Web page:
Stark portraiture in "Drawn from Life"
Canadian Jewish News June 7, 2001 "Arts Scene"
by Heather Solomon
Katz has viewers practically talking to the people pictured. The portraits each have their own stories which are not spelled out but felt intuitively. Their stories dwell in their eyes as well as in their body language, and in the artist's choice of shadowy colours chosen to portray them. Happiness is the one emotion put aside here. These are contemplative people who have posed for Katz but whose souls have been caught off-guard.
Since their psyches are denuded by Katz's perceptive hand, an encounter with them is much more than looking at art on a wall. One is deeply touched. The subjects' silence has the viewer wanting to question them about their feelings, often transferring their own imaginings and moods to them.
Take Jeff, for example. He leans against a surface, holding himself up along with the weight of his thoughts. Or Nicole, reduced to the haunting focus of head portraits. Interestingly, a full-length self-portrait of Katz, curled up in her ubiquitous tub chair, depicts her with eyes closed. She seems to shelter her own soul from the probings of viewers to whom she has laid open her models.
Portraiture has had a rich, slow development in Katz
s oeuvre. A print that she made in 1976 featured a couple with their faces left blank. It was not the technical ability to make a portrait that held her back, as is now evident, but perhaps the fact that she was not ready to get up close and personal.
Through most of her career, Katz has been known as a social commentator, lambasting, in her Fairy Tale series, the concept of "happily ever after" that has been spoon-fed to young women, or depicting wealthy women, rattling around huge rooms to show that money can't supplant loneliness. The earlier works in this show include some of her commentaries on childhood, middle age and the emotionally and physically exposed shower-takers whose singing might be seen as a scream of isolation.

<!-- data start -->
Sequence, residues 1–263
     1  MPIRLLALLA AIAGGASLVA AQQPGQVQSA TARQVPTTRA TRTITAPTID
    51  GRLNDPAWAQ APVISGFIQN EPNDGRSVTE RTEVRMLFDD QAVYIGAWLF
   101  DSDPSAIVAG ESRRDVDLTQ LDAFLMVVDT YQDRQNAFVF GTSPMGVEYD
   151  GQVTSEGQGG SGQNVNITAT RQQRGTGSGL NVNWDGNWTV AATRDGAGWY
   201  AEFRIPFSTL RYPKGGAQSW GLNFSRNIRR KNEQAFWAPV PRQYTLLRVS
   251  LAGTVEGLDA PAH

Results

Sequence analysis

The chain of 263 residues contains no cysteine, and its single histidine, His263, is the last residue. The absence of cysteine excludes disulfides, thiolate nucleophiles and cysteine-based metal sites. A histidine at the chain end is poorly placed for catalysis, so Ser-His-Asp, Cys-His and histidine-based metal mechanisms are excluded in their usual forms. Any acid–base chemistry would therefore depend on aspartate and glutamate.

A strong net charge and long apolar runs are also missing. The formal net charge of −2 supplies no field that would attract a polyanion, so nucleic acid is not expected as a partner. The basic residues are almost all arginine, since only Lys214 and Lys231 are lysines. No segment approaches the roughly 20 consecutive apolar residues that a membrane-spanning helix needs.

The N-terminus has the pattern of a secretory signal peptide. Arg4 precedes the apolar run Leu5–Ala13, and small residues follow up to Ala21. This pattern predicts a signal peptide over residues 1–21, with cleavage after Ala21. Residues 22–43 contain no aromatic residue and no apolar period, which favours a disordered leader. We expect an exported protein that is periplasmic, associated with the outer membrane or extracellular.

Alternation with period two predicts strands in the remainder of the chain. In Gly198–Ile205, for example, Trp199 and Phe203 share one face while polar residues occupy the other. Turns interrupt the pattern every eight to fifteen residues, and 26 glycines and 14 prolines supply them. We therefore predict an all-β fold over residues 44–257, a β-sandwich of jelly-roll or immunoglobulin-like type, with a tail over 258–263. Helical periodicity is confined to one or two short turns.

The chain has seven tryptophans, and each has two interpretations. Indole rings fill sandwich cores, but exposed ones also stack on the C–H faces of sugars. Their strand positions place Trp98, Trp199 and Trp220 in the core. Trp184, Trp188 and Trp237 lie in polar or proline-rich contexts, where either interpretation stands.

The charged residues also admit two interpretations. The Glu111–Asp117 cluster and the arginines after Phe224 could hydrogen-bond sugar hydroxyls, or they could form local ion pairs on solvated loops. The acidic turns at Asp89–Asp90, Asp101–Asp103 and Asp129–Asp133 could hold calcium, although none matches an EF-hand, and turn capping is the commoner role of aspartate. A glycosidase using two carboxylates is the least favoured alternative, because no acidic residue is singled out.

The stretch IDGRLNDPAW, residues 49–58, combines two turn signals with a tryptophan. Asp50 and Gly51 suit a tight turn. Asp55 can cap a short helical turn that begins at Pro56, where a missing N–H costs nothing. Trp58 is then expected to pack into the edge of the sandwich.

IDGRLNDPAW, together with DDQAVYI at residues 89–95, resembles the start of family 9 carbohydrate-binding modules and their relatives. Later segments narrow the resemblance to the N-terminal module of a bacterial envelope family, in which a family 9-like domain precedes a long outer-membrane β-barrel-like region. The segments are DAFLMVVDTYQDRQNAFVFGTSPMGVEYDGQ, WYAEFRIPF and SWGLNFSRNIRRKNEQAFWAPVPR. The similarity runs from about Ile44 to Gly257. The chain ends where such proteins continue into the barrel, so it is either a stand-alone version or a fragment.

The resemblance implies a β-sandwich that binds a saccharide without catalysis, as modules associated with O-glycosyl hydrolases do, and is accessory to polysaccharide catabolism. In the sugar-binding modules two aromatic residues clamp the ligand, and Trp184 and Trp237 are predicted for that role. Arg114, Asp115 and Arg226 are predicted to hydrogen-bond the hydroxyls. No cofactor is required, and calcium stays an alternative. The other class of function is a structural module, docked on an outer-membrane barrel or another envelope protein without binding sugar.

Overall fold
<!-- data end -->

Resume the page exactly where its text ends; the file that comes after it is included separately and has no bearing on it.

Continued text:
Katz's leap of faith to large-format pastels still shows her subjects in the throes of trying to live with themselves. She retains the slight distortion that identified her work as commentary and which still thankfully prevents it from taking on the sterility of photorealism.
The power of her portraiture is such that friends and acquaintances sometimes hesitate to model for her. They feel she may trap their soul on paper for all to see in an exposure more naked than nudity. The nudes in the show prove these friends' point. Their unclothed state, though beautifully rendered, plays a secondary role to their interior life that Katz reveals even more starkly.
Also, anyone other than a professional model or fellow artist (a number of whom have posed for her) balks at her "changing what people look like to make it fit with what I feel like doing. At some stage along the way, they really become mine."
Surmounting her hectic schedule as head of the drawing and painting department of the Saidye Bronfman Centre School of Fine Arts, where she also runs the etching atelier, is her studio time in the Canal Complex.
"The studio is my world" Katz says. "When I go in, it's exciting, like being on an adventure every day."
The adventures always begin when she starts to set a soul on paper, reminding herself of the miracle and the loneliness of human consciousness.
Gallery hours are from noon to 11 p.m. For an appointment or for more information, call David Astrof at 514-286-2476.